MS in Health Science wants to become a nurseRegister Today!
- by vocationallyconfused Aug 16, '11My case in a nutshell... is complicated.
My undergraduate major was business and spanish (originally chemistry, but someone convinced me, young and dumb, that business would be better and open all the doors--yeah right!). I originally wanted something in the health profession but obviously things changed and my business degree clearly put me off on the wrong foot. So instead of regretting my decision, I decided to get my MS degree in Health, Exercise, and Sport Science. Now I'm trying to break back into the health world, SOMEHOW. I've been exploring nursing options but I'm trying to determine whether pursuing it would result in me having "wasted" my time in undergraduate and graduate school. Is it possible to get an RN if you've already gotten a Masters in Health Science? Would Tech be an option? Would I have to start over with schooling? I would hate to go get an associates or some other degree when I've already gotten a Masters. Does that change anything at all? If I have a Masters in another field, how would that affect getting my RN and what would I need to do to get started? If this is a viable option, I want to pursue it but I just can't seem to get answers on what my current degree will mean and what I should do. Please help!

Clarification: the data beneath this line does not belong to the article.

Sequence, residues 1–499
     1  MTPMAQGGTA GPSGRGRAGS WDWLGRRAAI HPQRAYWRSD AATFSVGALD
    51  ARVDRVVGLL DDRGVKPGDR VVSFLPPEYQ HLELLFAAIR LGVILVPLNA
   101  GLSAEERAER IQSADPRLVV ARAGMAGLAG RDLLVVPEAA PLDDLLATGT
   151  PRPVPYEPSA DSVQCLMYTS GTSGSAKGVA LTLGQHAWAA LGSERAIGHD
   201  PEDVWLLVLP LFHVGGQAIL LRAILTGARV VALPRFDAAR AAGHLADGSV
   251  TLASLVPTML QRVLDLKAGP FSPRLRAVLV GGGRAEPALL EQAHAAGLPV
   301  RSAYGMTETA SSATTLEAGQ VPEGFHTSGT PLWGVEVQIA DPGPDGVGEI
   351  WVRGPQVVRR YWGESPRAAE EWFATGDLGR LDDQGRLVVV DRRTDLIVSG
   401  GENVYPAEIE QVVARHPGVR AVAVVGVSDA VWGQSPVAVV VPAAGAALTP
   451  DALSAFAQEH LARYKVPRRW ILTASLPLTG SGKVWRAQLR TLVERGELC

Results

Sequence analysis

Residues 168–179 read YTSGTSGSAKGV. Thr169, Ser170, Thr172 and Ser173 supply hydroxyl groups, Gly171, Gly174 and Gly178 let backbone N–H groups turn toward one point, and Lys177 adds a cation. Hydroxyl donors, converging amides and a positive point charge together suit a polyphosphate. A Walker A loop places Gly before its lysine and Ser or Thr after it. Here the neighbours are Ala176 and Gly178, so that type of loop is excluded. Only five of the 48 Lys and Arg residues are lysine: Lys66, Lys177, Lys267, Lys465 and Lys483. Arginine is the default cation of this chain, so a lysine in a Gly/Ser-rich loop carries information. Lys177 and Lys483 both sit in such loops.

- Aug 16, '11 by Nurse2bKimberlyMaybe you should consider a direct entry MSN (masters of science in nursing) programs? Or accelerated 2nd degree BSN programs ? Both seem like great options. Good luck
- Aug 16, '11 by netglowThe fastest and most accurate way to get answers is to pick a University and a community college that has a variety of nursing programs and ask to meet/talk with admissions. You want to look at BSN, MSN direct entry situations as well. Also You want to talk to a community college that offers nursing. You want to look at ADN there.
What's gonna happen is you will get an idea of what is required for admission into a program. What courses you've already got that will be accepted as "done" and can be applied to a particular college nursing program, and what is left that you must complete, as well as an "idea" of your projected timeline and financial obligation. This is just like your other degree conversations.
- Aug 16, '11 by kgreen9675I am in a similar situation as vocationallyconfused. Opportunities that existed prior to my graduation are no longer available and being taken by RNs. There is a PA program at the college I graduated from but is as competitive as entry into medical school. Many who aren't selected for med school end up in the PA program and competition is very high. Due to being a non-traditional student, I was considering the nurse option as well. Any other thoughts would be appreciated.
- Aug 16, '11 by Nurse2bKimberlyOccupational Therapy, perhaps? It looks like an interesting field, and I hear the pay is pretty decent.
- Aug 16, '11 by jesskiddingWhat do you think about the accelerated BSN option?